Puberty Blues co-author Gabrielle Carey first encountered the last page of James Joyce’s classic Ulysses at her piano teacher’s house as a 16-year-old.
“It was a loose page of the most beautiful poetic language imaginable – we set it to music and sang it,” she recalls. But it took her another 20 years to read what many call the greatest piece of 20th- century fiction written in English. Reading it took two years, and she had it read aloud to her using a helpful guidebook, the secret, many “Joyceans” say, to understanding the Irish novelist’s genius.
Author Gabrielle Carey first encountered James Joyce’s classic Ulysses at her piano teacher’s house as a 16-year-old.
This Thursday, Carey, a more than 40-year Joyce aficionado, will read the book aloud on Bloomsday – June 16, the day on which the events of Ulysses were set in 1904. It will be part of the centenary celebrations of the novel that was twice banned in Australia, at an event organised by the Consulate- General of Ireland and the University of Sydney.
“It was a book that changed English literature and even today I’d encourage everyone to read it and reread it because we are still learning to be Joyce’s contemporaries – he was so ahead of his time in terms of gender fluidity, his voice is so astonishingly female in the final chapter,” Carey says.
From Sydney to Santiago, Melbourne to the Martello towers where it begins on the Irish coast, the book will be toasted around the world with readings, dress-up re-enactments, glasses of Irish whiskey raised on the day that is now the key event in the Irish calendar after St Patrick’s Day.
Since 1988, the James Joyce Foundation in Australia has hosted walks, talks and re-enactments in Sydney and Melbourne and now there’s a TED talk on the benefits of reading what Stephen Fry calls the “most perfectly written book”.
“No other book has a day named for it – not even Shakespeare,” says Professor Ronan McDonald, the Irish-born Gerry Higgins chair of Irish Studies at the University of Melbourne.
Caroline Downes plays the unamused Queen Victoria in Sydney in 1994 in front of Victoria’s statue, a gift from the Irish, after it was sashed for Bloomsday. Credit:Robert Pearce
But what’s the reason for its enduring universal appeal, given its rank as both a literary masterpiece and one of the world’s hardest books to read?
“As a piece of work it really broke the mould in terms of style and content with its stream-of- consciousness writing,” says the Irish Consul-General in Sydney, Rosie Keane. “The notoriety because it was banned and the fact the re-enactments took off since the first big Bloomsday celebrations by literary figures in 1954 in Dublin helped its popularity there.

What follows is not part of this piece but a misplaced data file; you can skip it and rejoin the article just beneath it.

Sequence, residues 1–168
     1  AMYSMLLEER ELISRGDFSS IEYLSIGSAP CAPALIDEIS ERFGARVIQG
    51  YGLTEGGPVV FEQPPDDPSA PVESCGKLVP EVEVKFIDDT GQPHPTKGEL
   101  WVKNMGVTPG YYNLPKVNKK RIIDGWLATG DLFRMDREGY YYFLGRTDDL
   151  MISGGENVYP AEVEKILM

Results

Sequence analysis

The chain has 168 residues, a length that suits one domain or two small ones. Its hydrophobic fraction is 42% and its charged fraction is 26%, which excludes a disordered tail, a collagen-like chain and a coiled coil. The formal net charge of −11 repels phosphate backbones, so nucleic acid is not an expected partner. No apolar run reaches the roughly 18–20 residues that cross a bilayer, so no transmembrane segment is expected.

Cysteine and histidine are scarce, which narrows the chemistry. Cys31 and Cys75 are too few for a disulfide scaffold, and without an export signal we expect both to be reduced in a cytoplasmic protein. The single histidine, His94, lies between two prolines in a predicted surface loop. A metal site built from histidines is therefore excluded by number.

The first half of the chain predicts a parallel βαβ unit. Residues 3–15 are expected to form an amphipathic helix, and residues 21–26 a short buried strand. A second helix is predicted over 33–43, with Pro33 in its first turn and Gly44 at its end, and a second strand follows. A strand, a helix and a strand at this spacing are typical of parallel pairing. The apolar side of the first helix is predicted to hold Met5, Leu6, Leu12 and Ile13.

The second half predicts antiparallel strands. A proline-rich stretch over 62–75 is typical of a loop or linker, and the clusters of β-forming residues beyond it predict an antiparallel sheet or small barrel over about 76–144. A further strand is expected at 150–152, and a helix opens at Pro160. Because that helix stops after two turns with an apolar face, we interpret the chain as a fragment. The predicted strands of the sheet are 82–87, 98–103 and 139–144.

“The diaspora element took it all around the world too, because when reading the book you can really hear the Irish accents,” she says. “For the Irish it is a journey back home in a book.”
And as we mark 100 years since Sylvia Beach, an American in Paris, defied censorship and published 1000 copies of Joyce’s Ulysses on his 40th birthday from her bookshop Shakespeare & Company, the other burning question is how many have actually read Joyce’s 18-chapter, 933-page tome?
“I don’t think there is a book of the 20th century that’s been so often bought and not read, everybody knows it but no one really reads it,” says McDonald, who will host a symposium at the University of Melbourne this Bloomsday to delve into the intricacies of the book.
The drama centres around Leopold Bloom, who spends the day in Dublin, wandering around to avoid going home because his wife Molly is about to begin an affair. Each chapter is written in a different style: one chapter is a play, another a bodice-ripper romance and the final chapter is a 22,000-word soliloquy; all of it with allusions to Homer’s Odyssey.
Bloomsday celebrations in Sydney in 2021.
“It went from a novel no one wanted to publish to peerless novel everyone wants to have read, but hasn’t … it was serialised and banned in the US, UK, Ireland and Australia, and now it has a cult following and has been taken up as a great festival of Ireland all around the world,” says McDonald, who himself has taken part in re-enactments on Bondi Beach with fellow Joyceans, including Carey.
“It is an extraordinary work of literary genius and encyclopaedic ambition, with its interior monologue being profoundly relatable – especially Molly Bloom’s ‘famously unpunctuated’ soliloquy as she contemplates sex with Hugh ‘Blazes’ Boylan, a man who is not her husband,” a fact, McDonald adds, that shocked Irish Catholics the world over at the time.
Robert Phiddian, a professor of English at Flinders University who has taught Joyce’s Ulysses for over 30 years, encourages reading a chapter a year as a way to appreciate its verbal playfulness.
“It’s a big and difficult book that not many readers complete, but the fact it is available still in all good bookstores around the world a century after publication speaks to its popularity,” Phiddian says. “In an era when long-form reading is under threat, the perfect way to read Ulysses is ‘slow’ reading … it is definitely not ‘Insta-friendly.’”
Bloomsday events in Sydney:
100 years of Ulysses, the Untold Stories, June 16, 6pm, the Seymour Centre.
James Joyce’s Ulysses with Gabrielle Carey, Haberfield Library, June 16, 11am.
Bloomsday in Melbourne:
June 15-25, Yes I will, a play about Molly Bloom, will take place at the MC Showroom, Prahran.
June 16, the annual Bloomsday dinner and seminar, Ines Wine Bar, Chapel St, Windsor.
How to read Ulysses in five easy steps (According to those who have read it):
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